Sunday, November 8, 2009

Greening Cloverleafs

In the loop: a botanical garden inside a highway interchange (inset). Photos via Nezahat Gökyiğit Botanical Garden (inset) and the Istanbul Governor's Office.

Some of the most unattractive structures in the world are the massive cloverleaf interchanges built to accommodate the huge demands made by the car-owning public of major metropolitan areas around the world. They are a dead zone of concrete, traffic emissions, noise, and the quiet despair of commuters trying to beat the rush. Until now, there has not been one redeeming feature about them in my mind.

This year, just last week, the Urban Age conference was hosted in Istanbul. The Deutsche Bank issued a challenge to the world by issuing an open call for project entries that “benefit communities and local residents by improving their urban environments.”

They received 87 entries and shortlisted to just 5. The Nezahat Gökyiğit Botanical Garden won the competition by creating botanical gardens inside the urban void that are the loops of busy cloverleaf interchanges.

"Located improbably in the 'urban voids' created by a vast motorway spaghetti-junction on the Asian side of Istanbul, the Ali Nihat Gökyiğit Foundation has created a series of landscaped spaces that provide sanctuary for plants and people in the middle of a dystopian urban setting," the Deutsche Bank Urban Age Award jury announced.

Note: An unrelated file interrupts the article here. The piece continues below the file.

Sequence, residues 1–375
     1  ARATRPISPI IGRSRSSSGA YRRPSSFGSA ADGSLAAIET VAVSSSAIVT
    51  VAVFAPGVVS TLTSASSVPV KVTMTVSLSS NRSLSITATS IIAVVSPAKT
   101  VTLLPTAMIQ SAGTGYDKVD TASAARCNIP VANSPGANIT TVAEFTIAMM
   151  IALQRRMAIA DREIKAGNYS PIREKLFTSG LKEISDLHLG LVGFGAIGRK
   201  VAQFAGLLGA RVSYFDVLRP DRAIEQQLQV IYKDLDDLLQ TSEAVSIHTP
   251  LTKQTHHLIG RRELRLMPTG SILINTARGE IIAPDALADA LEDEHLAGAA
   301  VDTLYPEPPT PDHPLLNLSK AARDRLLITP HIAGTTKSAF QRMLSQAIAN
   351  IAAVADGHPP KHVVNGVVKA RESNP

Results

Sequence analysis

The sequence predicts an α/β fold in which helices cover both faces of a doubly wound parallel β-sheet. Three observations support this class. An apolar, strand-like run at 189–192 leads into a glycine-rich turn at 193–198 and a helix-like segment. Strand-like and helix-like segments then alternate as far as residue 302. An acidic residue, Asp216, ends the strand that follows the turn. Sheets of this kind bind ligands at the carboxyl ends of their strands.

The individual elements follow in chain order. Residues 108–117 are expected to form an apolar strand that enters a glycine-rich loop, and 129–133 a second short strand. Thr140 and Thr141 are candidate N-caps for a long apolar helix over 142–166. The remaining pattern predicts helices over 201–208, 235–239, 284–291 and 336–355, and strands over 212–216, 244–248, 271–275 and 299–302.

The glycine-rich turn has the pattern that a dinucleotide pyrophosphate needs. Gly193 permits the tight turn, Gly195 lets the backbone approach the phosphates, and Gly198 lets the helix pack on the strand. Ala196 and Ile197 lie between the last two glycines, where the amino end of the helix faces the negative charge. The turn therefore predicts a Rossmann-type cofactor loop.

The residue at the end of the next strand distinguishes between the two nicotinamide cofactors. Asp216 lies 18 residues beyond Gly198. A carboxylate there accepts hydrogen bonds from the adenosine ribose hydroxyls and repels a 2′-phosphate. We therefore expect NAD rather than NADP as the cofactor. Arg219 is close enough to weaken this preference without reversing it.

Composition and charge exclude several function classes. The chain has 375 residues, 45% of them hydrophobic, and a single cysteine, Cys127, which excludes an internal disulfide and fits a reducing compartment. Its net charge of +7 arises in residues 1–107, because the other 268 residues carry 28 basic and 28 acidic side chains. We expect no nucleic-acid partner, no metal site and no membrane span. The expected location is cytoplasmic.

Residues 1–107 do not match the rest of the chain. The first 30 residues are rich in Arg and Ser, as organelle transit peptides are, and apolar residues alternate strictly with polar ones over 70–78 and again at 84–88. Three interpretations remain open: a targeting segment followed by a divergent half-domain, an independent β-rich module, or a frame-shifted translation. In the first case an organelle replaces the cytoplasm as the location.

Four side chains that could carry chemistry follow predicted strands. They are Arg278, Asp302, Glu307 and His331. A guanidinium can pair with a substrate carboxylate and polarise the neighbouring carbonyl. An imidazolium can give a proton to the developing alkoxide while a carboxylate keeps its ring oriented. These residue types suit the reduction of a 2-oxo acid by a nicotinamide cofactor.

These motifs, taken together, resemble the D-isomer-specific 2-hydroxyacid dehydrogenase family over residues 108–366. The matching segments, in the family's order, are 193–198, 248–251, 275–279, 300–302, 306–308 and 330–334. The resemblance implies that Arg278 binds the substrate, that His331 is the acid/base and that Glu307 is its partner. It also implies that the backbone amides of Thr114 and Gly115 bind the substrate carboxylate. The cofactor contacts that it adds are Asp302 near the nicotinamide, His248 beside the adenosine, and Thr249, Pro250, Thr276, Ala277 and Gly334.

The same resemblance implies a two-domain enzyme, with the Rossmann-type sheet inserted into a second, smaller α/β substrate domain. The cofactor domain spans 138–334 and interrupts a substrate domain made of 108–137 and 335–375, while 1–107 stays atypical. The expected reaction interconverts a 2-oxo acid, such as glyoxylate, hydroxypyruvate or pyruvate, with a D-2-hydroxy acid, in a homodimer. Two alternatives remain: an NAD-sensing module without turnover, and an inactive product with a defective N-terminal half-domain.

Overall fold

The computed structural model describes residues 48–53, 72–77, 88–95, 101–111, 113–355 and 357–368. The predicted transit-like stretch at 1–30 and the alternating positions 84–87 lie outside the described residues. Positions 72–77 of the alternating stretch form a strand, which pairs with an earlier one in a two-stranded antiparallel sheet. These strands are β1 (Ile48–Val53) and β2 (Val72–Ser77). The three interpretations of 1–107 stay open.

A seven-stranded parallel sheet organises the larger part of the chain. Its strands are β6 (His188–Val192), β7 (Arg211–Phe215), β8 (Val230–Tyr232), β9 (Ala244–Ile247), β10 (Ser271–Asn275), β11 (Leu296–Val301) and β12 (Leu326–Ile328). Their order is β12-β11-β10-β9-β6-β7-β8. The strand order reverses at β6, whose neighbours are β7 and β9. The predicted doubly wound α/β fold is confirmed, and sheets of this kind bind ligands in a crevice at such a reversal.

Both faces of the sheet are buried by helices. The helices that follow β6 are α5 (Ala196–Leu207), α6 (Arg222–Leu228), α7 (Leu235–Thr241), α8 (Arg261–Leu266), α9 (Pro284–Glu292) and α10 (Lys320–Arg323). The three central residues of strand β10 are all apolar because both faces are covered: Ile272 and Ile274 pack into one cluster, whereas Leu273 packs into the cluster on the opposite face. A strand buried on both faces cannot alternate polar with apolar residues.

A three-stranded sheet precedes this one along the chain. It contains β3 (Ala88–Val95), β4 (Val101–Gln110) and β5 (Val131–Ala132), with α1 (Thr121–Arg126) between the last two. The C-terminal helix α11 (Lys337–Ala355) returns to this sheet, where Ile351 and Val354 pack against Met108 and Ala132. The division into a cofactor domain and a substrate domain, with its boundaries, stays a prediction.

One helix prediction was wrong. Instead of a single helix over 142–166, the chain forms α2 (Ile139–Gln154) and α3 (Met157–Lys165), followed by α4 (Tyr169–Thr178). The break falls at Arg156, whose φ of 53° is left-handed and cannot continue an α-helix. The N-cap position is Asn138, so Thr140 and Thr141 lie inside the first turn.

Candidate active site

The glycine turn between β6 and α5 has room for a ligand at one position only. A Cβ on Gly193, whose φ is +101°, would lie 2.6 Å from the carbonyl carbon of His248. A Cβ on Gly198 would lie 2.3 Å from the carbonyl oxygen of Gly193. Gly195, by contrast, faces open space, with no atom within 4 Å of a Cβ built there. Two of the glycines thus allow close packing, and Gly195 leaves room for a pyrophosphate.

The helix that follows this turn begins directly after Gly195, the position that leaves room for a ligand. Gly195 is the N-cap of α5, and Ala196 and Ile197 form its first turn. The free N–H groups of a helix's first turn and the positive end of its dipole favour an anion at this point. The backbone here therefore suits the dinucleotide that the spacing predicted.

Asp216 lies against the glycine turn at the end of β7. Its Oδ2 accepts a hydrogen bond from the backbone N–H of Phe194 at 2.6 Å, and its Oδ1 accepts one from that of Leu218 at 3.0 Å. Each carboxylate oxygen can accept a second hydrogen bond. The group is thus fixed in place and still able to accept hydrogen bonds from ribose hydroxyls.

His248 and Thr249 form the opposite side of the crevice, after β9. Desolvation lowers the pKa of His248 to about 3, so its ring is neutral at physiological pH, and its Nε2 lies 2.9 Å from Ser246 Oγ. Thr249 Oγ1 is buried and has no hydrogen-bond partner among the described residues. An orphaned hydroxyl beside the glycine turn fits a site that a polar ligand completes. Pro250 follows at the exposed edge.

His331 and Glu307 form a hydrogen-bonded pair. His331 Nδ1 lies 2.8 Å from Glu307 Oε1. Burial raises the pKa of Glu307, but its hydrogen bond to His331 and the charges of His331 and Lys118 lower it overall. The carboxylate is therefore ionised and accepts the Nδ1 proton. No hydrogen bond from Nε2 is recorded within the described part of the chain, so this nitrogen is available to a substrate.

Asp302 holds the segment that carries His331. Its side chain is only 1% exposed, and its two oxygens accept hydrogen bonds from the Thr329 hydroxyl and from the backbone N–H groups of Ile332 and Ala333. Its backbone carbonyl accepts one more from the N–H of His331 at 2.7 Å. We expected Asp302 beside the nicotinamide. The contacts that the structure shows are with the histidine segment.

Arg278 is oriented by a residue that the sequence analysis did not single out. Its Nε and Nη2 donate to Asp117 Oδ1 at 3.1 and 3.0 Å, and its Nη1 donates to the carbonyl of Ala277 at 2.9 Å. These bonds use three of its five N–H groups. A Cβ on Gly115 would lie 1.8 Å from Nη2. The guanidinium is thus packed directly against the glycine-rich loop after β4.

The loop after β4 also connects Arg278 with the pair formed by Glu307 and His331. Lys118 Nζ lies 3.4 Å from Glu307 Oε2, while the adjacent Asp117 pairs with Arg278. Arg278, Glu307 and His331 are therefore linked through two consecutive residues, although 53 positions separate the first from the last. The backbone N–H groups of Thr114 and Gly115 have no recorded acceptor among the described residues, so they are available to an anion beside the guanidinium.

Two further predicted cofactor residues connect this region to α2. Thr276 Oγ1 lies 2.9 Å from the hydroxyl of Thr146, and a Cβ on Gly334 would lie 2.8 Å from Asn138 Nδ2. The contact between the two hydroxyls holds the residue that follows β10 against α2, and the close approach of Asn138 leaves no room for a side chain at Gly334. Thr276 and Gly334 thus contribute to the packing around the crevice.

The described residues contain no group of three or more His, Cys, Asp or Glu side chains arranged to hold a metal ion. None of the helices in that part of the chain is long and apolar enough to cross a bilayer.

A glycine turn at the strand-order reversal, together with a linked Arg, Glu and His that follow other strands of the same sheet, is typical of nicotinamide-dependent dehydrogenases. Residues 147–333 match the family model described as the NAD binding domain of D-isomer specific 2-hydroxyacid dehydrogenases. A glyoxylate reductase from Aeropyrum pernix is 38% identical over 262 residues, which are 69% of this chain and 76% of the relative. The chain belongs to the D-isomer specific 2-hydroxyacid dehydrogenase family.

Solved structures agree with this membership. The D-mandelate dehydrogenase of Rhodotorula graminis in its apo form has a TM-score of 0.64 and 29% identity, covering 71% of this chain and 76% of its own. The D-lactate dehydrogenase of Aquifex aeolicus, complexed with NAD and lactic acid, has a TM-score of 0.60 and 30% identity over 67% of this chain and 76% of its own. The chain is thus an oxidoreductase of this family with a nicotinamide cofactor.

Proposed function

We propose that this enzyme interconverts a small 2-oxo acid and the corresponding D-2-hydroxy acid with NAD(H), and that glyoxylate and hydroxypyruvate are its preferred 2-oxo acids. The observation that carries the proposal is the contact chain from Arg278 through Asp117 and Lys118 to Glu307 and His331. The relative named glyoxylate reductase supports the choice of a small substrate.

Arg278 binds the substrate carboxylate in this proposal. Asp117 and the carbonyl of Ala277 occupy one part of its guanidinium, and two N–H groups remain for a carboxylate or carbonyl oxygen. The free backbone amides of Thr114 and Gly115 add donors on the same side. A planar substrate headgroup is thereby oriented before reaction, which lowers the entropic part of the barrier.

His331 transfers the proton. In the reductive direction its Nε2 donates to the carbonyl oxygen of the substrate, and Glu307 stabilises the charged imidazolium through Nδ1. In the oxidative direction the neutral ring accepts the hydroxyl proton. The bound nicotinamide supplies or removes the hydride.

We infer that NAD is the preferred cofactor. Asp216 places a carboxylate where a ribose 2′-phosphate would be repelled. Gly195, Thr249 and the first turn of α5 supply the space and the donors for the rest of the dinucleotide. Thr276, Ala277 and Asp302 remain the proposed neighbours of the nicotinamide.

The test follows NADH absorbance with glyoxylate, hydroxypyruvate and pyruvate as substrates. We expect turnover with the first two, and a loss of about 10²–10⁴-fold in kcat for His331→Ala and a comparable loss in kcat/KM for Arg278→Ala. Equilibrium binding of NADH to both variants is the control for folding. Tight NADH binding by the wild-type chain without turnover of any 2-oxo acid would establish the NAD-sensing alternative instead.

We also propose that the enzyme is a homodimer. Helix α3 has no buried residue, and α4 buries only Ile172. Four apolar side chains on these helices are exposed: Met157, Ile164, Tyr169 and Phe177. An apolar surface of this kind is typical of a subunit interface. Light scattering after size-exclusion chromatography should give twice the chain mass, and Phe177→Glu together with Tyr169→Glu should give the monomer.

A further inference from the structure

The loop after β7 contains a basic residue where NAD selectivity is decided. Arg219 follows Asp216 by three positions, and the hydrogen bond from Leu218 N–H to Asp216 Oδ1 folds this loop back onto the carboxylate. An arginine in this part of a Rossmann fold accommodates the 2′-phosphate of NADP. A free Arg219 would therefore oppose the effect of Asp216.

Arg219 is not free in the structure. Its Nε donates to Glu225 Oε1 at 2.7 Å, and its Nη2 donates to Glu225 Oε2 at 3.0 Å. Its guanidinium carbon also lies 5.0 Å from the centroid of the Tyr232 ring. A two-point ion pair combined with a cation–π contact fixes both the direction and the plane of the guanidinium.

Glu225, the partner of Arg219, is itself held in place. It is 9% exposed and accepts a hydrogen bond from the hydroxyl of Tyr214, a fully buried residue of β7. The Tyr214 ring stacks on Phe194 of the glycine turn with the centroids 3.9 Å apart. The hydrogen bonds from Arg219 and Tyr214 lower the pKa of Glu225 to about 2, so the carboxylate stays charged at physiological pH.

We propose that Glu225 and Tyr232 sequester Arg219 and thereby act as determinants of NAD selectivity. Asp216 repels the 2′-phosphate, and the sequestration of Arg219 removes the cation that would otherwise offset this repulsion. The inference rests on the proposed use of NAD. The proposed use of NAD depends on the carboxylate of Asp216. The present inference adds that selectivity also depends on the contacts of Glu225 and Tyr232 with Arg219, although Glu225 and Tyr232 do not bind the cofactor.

"The open spaces have been designed as botanical garden[s] with plant samples from regions across Turkey, providing an educational resource for children of all ages and a place for picnics and informal gatherings for people living in the heart of the congested city."

This 125-acre botanical garden located in Istanbul was planted in 1995 and contains more than 17,000 species of plants. It is the city’s largest replanted green area and a triumph to creative green thinking.

Not only is this space beautiful, it is educational as well. The facility includes a children’s garden where school children are taught how to grow and care for flowers and vegetables; as well as an area that is devoted to drought-tolerant plants and those helpful in combating soil erosion and desertification; and a section for medicinal plants.

Going that extra mile, garden staff compost to create natural organic fertilizer for the soil to avoid using chemically-produced fertilizer. They have planted some selected plant species in raised beds made from old railway cars following their principle of reduce, reuse and recycle. One of the successful educational projects conducted at the facility is a course for young botanical artists who are now teaching other students all over Turkey.

A music program for disadvantaged children took the $100,000 award; but, it is an inspiring example of how blighted urban spaces can be used for environmental and social good.

The co-winner of the first award given by the Deutsche Bank in 2007 turned a former garbage dump beside the sea in Mumbai into a lively, welcoming waterfront public space accessible to everyone.

Let’s demand more green spaces in our communities.

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